Analysis from business intelligence provider GBI Research - Frontier Pharma: Chronic Obstructive Pulmonary Disease (COPD) - Identifying and Commercializing First-in-Class Innovation - states that while currently-available drugs aim to manage the frequency and severity of symptoms associated with COPD, none have been shown to modify long-term disease progression. [More]
Researchers confirm that cranberry extract helps fight UTIs in breastfed children under age one

Researchers confirm that cranberry extract helps fight UTIs in breastfed children under age one

Researchers from the universities of Granada (Spain) and Kvopio (Finland) have confirmed that cranberry extract helps fighting urinary tract infections (UTIs) in breastfed babies under one year of age. [More]
Using statins before and after heart surgery can help reduce cardiac complications, mortality risks

Using statins before and after heart surgery can help reduce cardiac complications, mortality risks

Using statins before and after coronary artery bypass grafting (CABG) surgery can help reduce cardiac complications, such as atrial fibrillation, following surgery and also can reduce the risk of death during and after surgery, according to a review article posted online today by The Annals of Thoracic Surgery. [More]
Inflammation associated with elevated glutamate in the brain could guide depression treatments

Inflammation associated with elevated glutamate in the brain could guide depression treatments

Psychiatrists investigating depression have been energized in recent years by reports of rapid, successful treatment with drugs that interfere with the brain chemical glutamate, such as the anesthetic ketamine. [More]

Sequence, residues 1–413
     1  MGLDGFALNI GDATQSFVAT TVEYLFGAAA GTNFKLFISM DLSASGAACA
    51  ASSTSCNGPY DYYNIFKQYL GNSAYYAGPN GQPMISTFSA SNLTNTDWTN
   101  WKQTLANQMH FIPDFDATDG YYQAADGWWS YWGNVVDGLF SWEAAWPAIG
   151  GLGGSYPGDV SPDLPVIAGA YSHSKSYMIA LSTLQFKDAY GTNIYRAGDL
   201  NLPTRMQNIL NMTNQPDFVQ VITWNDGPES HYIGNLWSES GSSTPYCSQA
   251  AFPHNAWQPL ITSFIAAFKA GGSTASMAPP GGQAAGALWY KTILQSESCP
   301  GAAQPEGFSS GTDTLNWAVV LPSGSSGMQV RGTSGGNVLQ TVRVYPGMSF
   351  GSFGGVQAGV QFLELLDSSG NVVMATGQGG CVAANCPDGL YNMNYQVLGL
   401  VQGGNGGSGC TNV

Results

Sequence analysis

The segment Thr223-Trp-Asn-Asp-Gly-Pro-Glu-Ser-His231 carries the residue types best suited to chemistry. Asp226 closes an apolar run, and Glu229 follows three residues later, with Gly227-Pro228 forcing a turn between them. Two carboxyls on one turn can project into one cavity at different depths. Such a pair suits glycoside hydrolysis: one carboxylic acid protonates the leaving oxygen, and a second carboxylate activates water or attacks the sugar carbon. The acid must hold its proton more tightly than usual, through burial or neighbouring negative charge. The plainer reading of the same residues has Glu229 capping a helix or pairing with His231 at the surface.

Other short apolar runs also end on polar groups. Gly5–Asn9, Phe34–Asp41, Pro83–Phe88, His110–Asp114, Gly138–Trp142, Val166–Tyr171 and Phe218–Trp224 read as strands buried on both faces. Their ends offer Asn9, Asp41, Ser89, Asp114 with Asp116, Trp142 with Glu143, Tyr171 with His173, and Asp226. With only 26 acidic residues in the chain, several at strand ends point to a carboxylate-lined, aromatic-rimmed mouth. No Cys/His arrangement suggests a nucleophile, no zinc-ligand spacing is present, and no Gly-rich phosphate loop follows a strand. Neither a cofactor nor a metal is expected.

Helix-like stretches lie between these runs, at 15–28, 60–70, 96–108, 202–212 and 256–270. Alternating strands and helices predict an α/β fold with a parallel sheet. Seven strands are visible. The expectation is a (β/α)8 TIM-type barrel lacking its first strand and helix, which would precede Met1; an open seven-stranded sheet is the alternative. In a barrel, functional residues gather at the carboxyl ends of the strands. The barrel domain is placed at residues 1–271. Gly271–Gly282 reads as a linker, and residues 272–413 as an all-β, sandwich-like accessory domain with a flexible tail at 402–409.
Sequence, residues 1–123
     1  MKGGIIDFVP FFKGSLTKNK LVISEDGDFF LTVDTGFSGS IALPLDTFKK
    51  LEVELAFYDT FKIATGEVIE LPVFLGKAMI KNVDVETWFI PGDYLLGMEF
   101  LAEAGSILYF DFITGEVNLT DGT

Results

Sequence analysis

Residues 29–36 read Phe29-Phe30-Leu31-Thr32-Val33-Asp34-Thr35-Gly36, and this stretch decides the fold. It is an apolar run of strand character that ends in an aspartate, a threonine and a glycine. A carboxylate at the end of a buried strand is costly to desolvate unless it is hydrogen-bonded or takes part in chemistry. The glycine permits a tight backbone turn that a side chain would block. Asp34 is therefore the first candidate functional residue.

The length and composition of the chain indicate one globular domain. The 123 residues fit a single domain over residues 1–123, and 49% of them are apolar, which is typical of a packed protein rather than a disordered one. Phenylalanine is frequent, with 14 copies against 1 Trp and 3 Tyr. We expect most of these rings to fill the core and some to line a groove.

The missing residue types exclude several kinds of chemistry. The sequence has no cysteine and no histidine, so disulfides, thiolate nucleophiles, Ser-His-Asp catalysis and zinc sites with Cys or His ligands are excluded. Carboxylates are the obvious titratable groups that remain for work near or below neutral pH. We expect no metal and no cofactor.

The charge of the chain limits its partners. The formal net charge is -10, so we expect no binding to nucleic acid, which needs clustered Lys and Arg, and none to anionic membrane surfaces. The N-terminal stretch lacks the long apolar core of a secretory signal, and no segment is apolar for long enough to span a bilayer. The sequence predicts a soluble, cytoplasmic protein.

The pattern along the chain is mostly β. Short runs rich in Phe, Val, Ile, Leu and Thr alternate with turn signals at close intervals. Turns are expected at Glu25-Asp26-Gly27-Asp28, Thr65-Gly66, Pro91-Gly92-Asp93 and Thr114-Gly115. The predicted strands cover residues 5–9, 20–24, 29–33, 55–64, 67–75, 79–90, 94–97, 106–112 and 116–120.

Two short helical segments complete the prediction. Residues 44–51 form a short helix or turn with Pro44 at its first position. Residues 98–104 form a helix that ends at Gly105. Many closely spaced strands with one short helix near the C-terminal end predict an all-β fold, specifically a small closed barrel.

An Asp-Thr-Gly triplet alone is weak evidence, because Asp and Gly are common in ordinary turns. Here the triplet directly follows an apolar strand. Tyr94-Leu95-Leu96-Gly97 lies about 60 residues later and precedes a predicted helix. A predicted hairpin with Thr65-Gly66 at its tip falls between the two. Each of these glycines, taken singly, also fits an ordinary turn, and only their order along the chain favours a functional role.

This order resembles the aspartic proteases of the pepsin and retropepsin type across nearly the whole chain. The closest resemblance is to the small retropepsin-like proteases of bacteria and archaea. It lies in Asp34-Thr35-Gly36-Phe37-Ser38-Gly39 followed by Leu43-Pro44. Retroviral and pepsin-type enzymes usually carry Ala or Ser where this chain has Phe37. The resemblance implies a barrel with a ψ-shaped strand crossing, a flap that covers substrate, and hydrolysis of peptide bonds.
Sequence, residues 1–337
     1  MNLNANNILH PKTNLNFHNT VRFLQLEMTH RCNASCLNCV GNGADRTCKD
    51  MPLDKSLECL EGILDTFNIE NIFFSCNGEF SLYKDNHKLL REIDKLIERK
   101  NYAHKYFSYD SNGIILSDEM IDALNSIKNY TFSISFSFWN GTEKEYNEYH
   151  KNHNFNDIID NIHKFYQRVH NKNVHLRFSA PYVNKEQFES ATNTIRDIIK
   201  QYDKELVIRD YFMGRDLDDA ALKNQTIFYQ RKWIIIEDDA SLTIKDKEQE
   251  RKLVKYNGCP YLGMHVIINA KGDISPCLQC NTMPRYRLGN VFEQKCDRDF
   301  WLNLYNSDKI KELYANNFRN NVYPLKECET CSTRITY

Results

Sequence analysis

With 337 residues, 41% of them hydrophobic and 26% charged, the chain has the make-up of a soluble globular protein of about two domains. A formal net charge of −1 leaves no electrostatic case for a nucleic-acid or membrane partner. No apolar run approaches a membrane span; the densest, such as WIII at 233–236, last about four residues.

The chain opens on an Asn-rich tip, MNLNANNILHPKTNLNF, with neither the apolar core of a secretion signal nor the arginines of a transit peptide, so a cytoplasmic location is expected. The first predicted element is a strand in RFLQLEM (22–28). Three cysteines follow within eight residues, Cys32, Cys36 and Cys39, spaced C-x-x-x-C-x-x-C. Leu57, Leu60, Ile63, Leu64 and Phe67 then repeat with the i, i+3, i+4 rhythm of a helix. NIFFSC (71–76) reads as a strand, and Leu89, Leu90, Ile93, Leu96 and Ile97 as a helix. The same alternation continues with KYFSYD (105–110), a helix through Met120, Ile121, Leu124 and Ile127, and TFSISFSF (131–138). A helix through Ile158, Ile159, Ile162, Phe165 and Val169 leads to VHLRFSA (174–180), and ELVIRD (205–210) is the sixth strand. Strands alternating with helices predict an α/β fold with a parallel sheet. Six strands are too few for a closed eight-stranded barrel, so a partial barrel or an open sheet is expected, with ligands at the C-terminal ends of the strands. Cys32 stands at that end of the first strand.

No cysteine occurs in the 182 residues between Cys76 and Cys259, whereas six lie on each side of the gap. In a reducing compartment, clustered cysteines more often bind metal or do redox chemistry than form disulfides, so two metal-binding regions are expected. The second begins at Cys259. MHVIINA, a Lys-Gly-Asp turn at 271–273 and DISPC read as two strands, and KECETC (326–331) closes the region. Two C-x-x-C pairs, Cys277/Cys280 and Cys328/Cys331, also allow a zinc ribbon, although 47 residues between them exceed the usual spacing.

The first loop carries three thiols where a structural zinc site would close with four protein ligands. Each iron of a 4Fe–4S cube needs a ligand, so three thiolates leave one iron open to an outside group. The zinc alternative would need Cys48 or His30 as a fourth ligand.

Pre-existing nutritional deficits, immune dysfunction may increase hepatitis E risk during pregnancy

Pre-existing nutritional deficits, immune dysfunction may increase hepatitis E risk during pregnancy

Researchers from the Johns Hopkins Bloomberg School of Public Health have found a link between pre-existing nutritional deficits and immune dysfunction and the risk of hepatitis E infection during pregnancy. [More]
Common painkiller diclofenac has significant anti-cancer properties

Common painkiller diclofenac has significant anti-cancer properties

Diclofenac, a common painkiller, has significant anti-cancer properties, according to researchers from the Repurposing Drugs in Oncology project. [More]
Novel anti-inflammatory agents could control hyper-inflammatory responses to fungal infection

Novel anti-inflammatory agents could control hyper-inflammatory responses to fungal infection

The most frequent fungal threat to humans, Candida albicans, is a common cause oral and genital infection. The fungal infections are often worsened by overwhelming inflammatory responses in the body and cause high mortality among risk groups. Umeå University doctoral student Ava Hosseinzadeh has discovered two novel anti-inflammatory agents, an antioxidant and an anti-inflammatory molecule, which could be used to control the hyper-inflammatory responses to the fungal infection. [More]
Low-oxygen exposure shortly after birth may increase learning and behavioral disorder risks

Low-oxygen exposure shortly after birth may increase learning and behavioral disorder risks

New research published in the Journal of Leukocyte Biology, shows that the development of white matter in the mouse brains is delayed when they are exposed to chronic low oxygen levels shortly after birth. [More]
FDA permits Sound Pharmaceuticals to start SPI-1005 clinical trial for treatment of Meniere's Disease

FDA permits Sound Pharmaceuticals to start SPI-1005 clinical trial for treatment of Meniere's Disease

Sound Pharmaceuticals is pleased to announce that it began enrolling a clinical trial to test SPI-1005 in the treatment of Meniere's Disease (MD). MD or idiopathic endolymphatic hydrops is an inner ear disease that involves episodic vertigo, sensorineural hearing loss, and tinnitus. [More]
Drug-microbe interactions may contribute to adverse effects, lessen effectiveness of NSAID

Drug-microbe interactions may contribute to adverse effects, lessen effectiveness of NSAID

A nonsteroidal anti-inflammatory drug (NSAID) changed the composition and diversity of gut microbes, which in turn shaped how the drug is broken down and ultimately, cut its effectiveness, according to an animal study from the Perelman School of Medicine at the University of Pennsylvania. [More]